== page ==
Vector control officials set out a dozen "humane traps" Tuesday to corral feral cats living on the campuses of two Santa Ana schools in an effort to reduce the flea population and stave off the spread of typhus, a potentially deadly disease.
The captured cats will be euthanized and their fleas tested. Officials estimate it will take about two months before they can confirm whether the typhus originated with the feral cats or from a different source.
Santa Ana officials announced last week that a child living near Broadway and Washington Avenue in Santa Ana was hospitalized with typhus last month but has since recovered.
It was the second case of the sometimes deadly disease so far this year, said Nicole Stanfield, spokeswoman for the Orange County Department of Public Health.
Orange County Vector Control officials have been passing out literature to residents in the area on avoiding getting the disease, which primarily is transmitted by fleas. Typhus cases have been on the rise for the past several years in Southern California, Stanfield said.
Residents in the neighborhood were concerned, but relieved that officials were taking action.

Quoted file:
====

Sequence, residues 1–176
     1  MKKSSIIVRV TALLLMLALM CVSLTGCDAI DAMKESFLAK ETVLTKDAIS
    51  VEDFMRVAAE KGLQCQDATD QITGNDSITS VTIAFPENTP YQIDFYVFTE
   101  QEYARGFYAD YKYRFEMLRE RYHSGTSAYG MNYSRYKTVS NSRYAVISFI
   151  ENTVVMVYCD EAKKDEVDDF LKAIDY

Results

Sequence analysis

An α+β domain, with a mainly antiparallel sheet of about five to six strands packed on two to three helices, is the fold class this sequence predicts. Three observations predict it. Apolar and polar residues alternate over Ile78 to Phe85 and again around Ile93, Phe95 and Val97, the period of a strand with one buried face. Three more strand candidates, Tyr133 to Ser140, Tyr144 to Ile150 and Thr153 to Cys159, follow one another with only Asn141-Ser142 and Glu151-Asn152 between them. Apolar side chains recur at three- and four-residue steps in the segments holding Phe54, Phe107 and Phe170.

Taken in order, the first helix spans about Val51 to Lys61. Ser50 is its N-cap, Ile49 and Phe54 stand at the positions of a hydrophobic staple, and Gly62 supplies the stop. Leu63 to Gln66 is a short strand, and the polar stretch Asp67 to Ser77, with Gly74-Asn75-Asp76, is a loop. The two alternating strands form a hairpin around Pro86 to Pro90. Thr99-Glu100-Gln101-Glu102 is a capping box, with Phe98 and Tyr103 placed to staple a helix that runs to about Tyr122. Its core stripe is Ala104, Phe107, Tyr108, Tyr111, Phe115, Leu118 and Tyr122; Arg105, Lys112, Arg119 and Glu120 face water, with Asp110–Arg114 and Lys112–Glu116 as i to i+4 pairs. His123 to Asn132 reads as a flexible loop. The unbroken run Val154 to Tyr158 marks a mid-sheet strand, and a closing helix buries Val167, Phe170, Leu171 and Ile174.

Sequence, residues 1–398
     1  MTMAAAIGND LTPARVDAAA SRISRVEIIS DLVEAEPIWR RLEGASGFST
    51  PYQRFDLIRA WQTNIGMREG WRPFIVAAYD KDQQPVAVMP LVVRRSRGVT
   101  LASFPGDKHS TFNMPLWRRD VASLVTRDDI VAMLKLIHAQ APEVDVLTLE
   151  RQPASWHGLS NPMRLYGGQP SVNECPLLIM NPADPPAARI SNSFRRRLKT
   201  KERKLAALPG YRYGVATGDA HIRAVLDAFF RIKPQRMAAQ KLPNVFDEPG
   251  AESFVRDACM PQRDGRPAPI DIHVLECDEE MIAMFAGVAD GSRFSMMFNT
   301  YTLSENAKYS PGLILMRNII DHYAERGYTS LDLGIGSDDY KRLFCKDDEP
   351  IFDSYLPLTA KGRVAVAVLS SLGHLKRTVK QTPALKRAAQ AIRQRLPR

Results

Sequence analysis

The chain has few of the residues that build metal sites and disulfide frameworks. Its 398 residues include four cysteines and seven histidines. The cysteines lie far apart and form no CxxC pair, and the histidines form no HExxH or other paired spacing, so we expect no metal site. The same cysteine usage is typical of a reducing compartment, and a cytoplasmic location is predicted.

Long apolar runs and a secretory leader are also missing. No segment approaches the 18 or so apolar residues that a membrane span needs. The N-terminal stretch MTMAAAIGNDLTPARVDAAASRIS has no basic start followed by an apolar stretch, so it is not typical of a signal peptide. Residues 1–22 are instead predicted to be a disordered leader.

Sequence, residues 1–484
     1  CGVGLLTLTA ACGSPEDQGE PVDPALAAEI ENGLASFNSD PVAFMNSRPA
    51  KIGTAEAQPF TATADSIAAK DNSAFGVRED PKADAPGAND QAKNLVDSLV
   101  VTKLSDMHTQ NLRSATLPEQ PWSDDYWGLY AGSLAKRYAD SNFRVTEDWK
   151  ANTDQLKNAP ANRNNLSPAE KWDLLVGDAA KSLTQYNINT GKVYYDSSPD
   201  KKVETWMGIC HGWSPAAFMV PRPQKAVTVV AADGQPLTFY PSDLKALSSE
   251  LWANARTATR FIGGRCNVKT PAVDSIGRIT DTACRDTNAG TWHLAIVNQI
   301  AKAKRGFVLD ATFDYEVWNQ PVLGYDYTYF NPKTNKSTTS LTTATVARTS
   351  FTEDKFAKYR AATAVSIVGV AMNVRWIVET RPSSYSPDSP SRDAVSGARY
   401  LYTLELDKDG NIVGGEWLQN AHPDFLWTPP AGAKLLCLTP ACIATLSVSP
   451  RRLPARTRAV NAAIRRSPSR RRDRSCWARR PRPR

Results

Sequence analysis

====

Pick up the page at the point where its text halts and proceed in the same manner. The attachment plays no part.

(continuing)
"They nap everywhere, go anywhere," said Melanie Moreira. "It's really, really great that they’re doing something about it."
Traps were placed at Frances E. Willard Intermediate School in the 1300 block of North Ross Street and El Sol Science and Arts Academy in the 1000 block of North Broadway. Workers wore hazard suits with masks, said Santa Ana police Cpl. Anthony Bertagna.
The schools sent home notices alerting parents to the potentially infected cats.
"Parents are going to be concerned, but as far as we know, this is not a risk parents and students should be concerned about at this point," said Michael Bishop, a school district spokesman.
Sondra Berg, of the Santa Ana Animal Control Department, said that traps will not be placed where children will have acces to them.
Vector control officials have set traps in the area and have caught possums, but none of the feral cats known to be in the area.
City officials advised residents to treat their pets with flea-prevention medication and eliminate places where wild animals can find shelter and food.
Symptoms usually surface a week or two weeks after exposure and can include high fever, headaches, chills, body aches and pains and a rash. Typhus is treated with antibiotics. It can be fatal, if left untreated.